CRC Daily: Pandemic caused Costa Rica tourism to plummet nearly 70%

The numbers aren't pretty, but we do have pretty charts.

We finally know the full impact that the coronavirus pandemic had on Costa Rica’s tourism sector in 2020. Unfortunately, the numbers aren’t pretty.

Costa Rica received just over 1 million international arrivals in 2020, down 68% compared to 2019, when the country welcomed 3.1 million people.

The data look particularly bad when focusing on April through December, the months affected by the coronavirus pandemic. Over those nine months, Costa Rica registered a 93% decrease in arrivals compared to 2019.

“Uncertainty and restrictions derived from the pandemic caused world tourism to collapse,” said Tourism Minister Gustavo Segura.

There was a slight uptick by December, when Costa Rica received 75,000 arrivals. Still, this amounts to a 77% decrease in contrast to December 2019.

These numbers are disappointing, but not surprising.

Let’s look at the charts

2020 began with encouraging signals: More people entered Costa Rica in January and February than those same months in 2019. Then the pandemic reached Central America.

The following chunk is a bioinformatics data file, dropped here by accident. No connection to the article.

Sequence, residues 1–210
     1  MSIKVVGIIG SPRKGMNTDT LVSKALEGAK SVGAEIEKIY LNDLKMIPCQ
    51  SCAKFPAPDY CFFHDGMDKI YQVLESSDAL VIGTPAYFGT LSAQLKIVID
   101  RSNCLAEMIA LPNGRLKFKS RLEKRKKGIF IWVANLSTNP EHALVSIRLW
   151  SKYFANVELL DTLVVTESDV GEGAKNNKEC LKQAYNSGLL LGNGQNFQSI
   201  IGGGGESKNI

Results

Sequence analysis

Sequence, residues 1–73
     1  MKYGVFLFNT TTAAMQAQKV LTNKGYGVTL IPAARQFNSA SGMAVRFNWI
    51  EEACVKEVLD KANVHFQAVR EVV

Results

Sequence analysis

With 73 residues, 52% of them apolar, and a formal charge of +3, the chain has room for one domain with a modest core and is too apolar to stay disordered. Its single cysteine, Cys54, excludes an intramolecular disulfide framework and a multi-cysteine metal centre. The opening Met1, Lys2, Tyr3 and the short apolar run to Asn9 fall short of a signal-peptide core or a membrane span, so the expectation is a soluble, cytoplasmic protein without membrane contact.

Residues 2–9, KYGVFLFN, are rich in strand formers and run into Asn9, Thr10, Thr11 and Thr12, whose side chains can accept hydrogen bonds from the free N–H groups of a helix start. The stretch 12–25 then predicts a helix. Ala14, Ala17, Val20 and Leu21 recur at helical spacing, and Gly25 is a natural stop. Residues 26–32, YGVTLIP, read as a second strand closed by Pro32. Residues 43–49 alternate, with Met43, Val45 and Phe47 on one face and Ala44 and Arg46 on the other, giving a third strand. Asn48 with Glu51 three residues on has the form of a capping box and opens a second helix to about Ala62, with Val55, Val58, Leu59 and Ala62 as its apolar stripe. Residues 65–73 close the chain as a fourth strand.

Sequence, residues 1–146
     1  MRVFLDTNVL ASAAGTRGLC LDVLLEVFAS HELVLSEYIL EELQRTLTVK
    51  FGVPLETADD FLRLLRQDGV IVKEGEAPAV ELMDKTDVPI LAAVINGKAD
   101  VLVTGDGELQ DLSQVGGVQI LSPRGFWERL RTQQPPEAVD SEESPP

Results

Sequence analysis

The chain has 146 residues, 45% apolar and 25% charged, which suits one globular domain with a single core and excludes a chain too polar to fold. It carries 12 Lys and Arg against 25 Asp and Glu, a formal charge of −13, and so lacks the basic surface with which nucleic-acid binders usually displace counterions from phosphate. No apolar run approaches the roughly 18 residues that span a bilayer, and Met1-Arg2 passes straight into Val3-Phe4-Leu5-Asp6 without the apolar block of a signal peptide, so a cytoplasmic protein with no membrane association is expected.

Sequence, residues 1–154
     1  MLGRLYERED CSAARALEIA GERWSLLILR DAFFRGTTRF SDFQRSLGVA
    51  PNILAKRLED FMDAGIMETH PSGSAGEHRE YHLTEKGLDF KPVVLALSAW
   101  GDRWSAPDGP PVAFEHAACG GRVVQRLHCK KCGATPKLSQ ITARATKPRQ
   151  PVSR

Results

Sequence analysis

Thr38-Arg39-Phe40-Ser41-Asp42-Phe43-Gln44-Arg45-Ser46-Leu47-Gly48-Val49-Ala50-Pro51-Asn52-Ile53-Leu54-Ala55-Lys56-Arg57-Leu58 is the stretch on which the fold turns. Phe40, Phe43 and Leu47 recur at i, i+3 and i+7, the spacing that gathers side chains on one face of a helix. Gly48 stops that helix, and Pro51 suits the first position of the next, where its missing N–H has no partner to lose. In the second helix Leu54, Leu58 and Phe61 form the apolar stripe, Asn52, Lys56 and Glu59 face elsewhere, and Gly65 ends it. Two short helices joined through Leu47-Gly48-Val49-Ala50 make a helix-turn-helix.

Costa Rica closed its borders on March 18, and international arrivals flatlined. From mid-March until August 1, only citizens and residents could enter the country.

Costa Rica finally reopened its air borders on August 1, gradually expanding the list of allowed visitors. By November 1, Costa Rica had eliminated the requirement for a negative coronavirus test and opened airports to all tourists, leading to a moderate rebound in the final two months of the year:

The tourism sector called April through August its “Zero Season” — referencing the number of visitors entering Costa Rica. In those months, unemployment reached 24%, the highest on record, and it remains high.

The Tourism Board shares arrival data from as far back as 2005. Their figures show that 2020 was by far the worst year in recent history:

Will tourism rebound in 2021?

“World tourism is still under the effects of the pandemic, which makes it difficult to make projections or estimates for the future,” says Rodolfo Lizano, director of planning at the Tourism Board.

“With the arrival of the vaccine, the increase in efforts to contain the virus, and the reopening and reactivation of tourist activities, we hope the numbers will show a rebound during the second half of 2021.”

That rebound may be hampered by a new U.S. policy requiring a negative coronavirus test from all returning air travelers. The United States is Costa Rica’s largest market, and the testing mandate will be a deterrent to travel.

U.S. (and Canadian) policy is out of Costa Rica’s control, but the local economy cannot afford another “Zero Season.”

“It’s not enough,” the Tourism Minister said in reference to the 113,000 total arrivals in November and December 2020. “During the pandemic, we are all learning as we go.”

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